As one walks on the north side of César Chávez Ave., between Fickett and Mott streets, a bright blue building stands out. Nestled between homes and a popular dispensary is a fully geared rehearsal studio, providing a space for those looking to hone their musical skills.
It’s called Eastside Rehearsal, and the business is a personal dream come true for long-time musician Tony Aguilar.
“Music is one of the most amazing portals to discovering and understanding yourself as a person,” says the operating manager, one of Eastside Rehearsal’s three owners. “It’s been everything to me since I was just a kid, and early on it was the sort of escape that I needed to deal with the trauma in my personal life, and that’s something that most people need.”
Born and raised in Kern County’s Tehachapi Valley, Aguilar began playing music at the age of 13. Gifted a guitar by his father after a year’s worth of house chores, he taught himself how to play the instrument as his family could not afford lessons.
From then, music grew from a passionate hobby to a full-on career, and for three decades Aguilar worked as a touring musician and even a tour manager. After living in the Bay Area for nearly 20 years, he moved to Los Angeles in 2009 with his wife Meg Castellanos, another long-time musician.
Aguilar and Castellanos bought a home in Boyle Heights in 2012 and began to look into the possibility of opening a rehearsal space in the neighborhood.
Here, they would find a new way of using their passion for music by pushing to start a rehearsal studio for musicians and bands in the neighborhood that would give others like them a space to escape into the art form.
“There’s a certain kind of atmosphere that you can only experience with a place that welcomes and invites artistry,” says Aguilar. “In a neighborhood like Boyle Heights with such a rich, cultural connection to music, it just felt like the perfect place to create Eastside Rehearsal.”
The couple went to work and found a former marijuana grow house on Cesar Chavez and began transforming it into a practice facility. After months of draining through savings and taking on debt, Aguilar and Castellanos reached out to Eddie Rivas, another local musician and long-time teacher.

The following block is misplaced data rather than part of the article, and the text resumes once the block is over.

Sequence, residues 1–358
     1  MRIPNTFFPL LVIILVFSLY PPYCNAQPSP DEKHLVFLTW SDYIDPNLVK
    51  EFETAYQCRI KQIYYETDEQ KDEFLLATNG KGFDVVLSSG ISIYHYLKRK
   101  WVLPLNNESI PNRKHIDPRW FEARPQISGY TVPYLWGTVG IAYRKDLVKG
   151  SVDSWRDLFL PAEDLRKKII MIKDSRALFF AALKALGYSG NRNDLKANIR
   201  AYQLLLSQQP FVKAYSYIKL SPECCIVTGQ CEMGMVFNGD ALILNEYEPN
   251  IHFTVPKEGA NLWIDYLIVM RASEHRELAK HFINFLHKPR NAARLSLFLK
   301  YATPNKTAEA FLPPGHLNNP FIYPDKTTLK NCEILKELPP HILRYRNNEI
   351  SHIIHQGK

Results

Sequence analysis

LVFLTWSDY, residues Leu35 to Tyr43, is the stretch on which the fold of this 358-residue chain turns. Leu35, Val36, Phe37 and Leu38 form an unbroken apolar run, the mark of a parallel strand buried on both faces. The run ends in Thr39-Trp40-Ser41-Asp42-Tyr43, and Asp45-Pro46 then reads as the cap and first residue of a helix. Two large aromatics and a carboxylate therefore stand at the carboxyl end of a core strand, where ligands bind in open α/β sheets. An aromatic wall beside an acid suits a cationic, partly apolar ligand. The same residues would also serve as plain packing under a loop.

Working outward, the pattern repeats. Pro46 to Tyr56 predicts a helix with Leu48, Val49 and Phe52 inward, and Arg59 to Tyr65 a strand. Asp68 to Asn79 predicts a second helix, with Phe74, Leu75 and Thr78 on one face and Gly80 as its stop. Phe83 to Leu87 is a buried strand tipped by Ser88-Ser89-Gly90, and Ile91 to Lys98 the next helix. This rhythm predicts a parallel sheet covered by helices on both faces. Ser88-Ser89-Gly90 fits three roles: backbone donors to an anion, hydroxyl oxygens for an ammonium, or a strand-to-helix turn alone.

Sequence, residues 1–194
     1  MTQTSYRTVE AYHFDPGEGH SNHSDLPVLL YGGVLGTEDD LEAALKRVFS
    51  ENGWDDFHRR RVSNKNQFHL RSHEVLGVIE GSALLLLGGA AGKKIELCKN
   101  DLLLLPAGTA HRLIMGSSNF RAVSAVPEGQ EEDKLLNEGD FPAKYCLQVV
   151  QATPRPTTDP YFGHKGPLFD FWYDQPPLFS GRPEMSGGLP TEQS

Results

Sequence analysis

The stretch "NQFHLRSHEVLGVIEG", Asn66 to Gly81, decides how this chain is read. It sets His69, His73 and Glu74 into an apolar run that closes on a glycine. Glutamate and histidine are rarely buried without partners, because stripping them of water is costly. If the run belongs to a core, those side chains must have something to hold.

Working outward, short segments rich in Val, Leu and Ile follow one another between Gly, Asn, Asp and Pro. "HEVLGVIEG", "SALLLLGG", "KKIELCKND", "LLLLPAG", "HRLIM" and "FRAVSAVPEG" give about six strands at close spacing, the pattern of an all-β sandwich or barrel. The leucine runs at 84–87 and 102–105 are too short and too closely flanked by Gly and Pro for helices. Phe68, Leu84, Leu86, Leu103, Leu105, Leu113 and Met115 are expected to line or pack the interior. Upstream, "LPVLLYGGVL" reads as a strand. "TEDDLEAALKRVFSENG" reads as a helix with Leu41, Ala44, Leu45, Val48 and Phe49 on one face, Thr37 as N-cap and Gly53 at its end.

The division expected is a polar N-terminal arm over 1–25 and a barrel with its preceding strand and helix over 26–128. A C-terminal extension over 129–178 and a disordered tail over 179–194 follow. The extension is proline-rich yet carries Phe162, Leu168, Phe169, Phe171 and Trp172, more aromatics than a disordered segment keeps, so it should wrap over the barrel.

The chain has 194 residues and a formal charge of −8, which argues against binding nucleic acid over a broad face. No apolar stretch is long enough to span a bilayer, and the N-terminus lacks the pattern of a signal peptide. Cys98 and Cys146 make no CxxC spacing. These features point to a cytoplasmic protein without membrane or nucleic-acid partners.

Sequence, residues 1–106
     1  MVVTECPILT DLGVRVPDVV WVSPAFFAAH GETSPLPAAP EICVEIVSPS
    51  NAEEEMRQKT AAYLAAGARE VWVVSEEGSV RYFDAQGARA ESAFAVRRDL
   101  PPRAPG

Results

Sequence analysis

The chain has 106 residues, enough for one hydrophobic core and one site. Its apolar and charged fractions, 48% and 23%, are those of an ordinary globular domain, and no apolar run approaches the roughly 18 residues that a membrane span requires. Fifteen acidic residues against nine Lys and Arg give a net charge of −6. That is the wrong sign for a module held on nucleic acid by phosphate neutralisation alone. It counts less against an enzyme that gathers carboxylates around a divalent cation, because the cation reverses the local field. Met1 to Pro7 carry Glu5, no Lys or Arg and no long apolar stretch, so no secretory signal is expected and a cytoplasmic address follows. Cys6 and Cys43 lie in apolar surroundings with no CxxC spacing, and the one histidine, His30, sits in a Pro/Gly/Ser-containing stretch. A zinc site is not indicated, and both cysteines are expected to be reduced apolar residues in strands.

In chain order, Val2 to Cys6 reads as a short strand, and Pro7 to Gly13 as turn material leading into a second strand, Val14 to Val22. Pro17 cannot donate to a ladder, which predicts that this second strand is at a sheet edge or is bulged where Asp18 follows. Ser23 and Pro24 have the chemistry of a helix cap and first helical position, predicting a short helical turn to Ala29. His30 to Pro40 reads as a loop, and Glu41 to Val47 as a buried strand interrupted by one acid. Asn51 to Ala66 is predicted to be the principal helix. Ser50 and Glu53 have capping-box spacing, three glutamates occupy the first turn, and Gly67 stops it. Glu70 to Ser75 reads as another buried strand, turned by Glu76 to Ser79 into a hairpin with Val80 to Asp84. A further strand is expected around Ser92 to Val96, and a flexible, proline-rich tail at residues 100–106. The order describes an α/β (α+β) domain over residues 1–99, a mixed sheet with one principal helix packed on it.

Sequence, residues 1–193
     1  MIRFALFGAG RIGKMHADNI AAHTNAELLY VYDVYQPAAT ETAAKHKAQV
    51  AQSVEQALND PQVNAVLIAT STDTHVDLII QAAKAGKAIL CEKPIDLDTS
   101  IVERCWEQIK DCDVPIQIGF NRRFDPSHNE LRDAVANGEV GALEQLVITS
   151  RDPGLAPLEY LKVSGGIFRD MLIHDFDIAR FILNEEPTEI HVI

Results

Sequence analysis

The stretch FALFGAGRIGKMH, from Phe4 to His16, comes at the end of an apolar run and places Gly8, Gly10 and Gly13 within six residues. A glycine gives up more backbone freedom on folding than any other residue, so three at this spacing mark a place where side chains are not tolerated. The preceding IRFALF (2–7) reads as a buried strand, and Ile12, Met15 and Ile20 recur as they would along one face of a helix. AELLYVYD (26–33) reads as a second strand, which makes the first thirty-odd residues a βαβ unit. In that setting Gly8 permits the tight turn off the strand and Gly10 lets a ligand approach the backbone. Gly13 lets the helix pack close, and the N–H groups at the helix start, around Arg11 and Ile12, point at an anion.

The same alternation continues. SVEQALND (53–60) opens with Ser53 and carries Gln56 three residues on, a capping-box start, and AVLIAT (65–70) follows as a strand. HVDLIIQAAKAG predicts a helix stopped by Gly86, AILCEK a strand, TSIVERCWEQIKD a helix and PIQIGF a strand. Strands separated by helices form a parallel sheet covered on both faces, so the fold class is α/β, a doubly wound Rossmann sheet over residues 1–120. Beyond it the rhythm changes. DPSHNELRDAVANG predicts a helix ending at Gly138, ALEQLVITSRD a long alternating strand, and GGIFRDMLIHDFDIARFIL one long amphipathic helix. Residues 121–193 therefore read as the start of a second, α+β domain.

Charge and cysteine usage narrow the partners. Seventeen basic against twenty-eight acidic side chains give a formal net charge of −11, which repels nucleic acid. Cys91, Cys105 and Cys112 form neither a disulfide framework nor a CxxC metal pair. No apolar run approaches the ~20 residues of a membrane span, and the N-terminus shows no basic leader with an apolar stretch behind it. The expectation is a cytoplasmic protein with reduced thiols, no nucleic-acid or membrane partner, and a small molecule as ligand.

An East LA native and owner of Total Annihilation Studio in Lincoln Heights, Rivas decided to invest in the Boyle Heights project, becoming the studio’s third owner and making Eastside Rehearsal truly by and for musicians.
Officially opened near the end of 2015, the approximately 1,600 square-foot facility offers five air conditioned, soundproofed rehearsal rooms of different sizes, ranging from $20-$25 an hour. Fully back-lined, each room is offered seven days a week by appointment (two-hour minimum), from 11AM to midnight.
The space, which includes a patio and parking lot, is also available as a performance venue.
For musicians like Boyle Heights native Memo Villasenor, Eastside Rehearsal represents much more than a space to hone his skills.
“Growing up here in the 90s, the only two outlooks for me outside of school were to either play sports or join a gang, and I didn’t like that those were my only options,” says Villasenor. “So around 15, I picked up a guitar and I never put it down.”
Villasenor recalls having to practice in the garages of friends or travel outside of the neighborhood to find a space to rehearse, when he was a part of different bands throughout his Roosevelt High School years. He says having a space like Eastside Rehearsal is important for aspiring musicians who might have noise restrictions at home.
“Having a space like this is so beneficial to everyone in the community because it’s a nearby and accessible space where you can create, it’s a place where you can congregate and build relationships,” says Villasenor.
A longtime member of Why We Live, an LA-based band with members from the East and South sides of the city, Villasenor began practicing at the studio the same week it opened, and has been going there since. During the pandemic, the group even wrote an entire album at Eastside Rehearsal, where they would practice before performing at different venues.
“We’ve built a good relationship with a lot of people because of this space, including Tony because we see how much care he puts into making this space welcoming for everybody,” says Villasenor. “Music is what brings Boyle Heights together, and creating a space for community to come together is what Eastside Rehearsal has done. I hope it’s around for a long time.”
Aguilar himself has the same hope, as he hopes to one day own the property he currently rents, to make the studio a community staple for years to come.
“Starting Eastside Rehearsal and keeping it open over the years has definitely been a struggle at times, especially during the pandemic, but seeing the impact it’s had for those who come through our doors always makes it clear to me that it’s worth it,” says Aguilar. “If music is your thing and you need a space to rehearse, you’re always welcome here on Cesar Chavez.”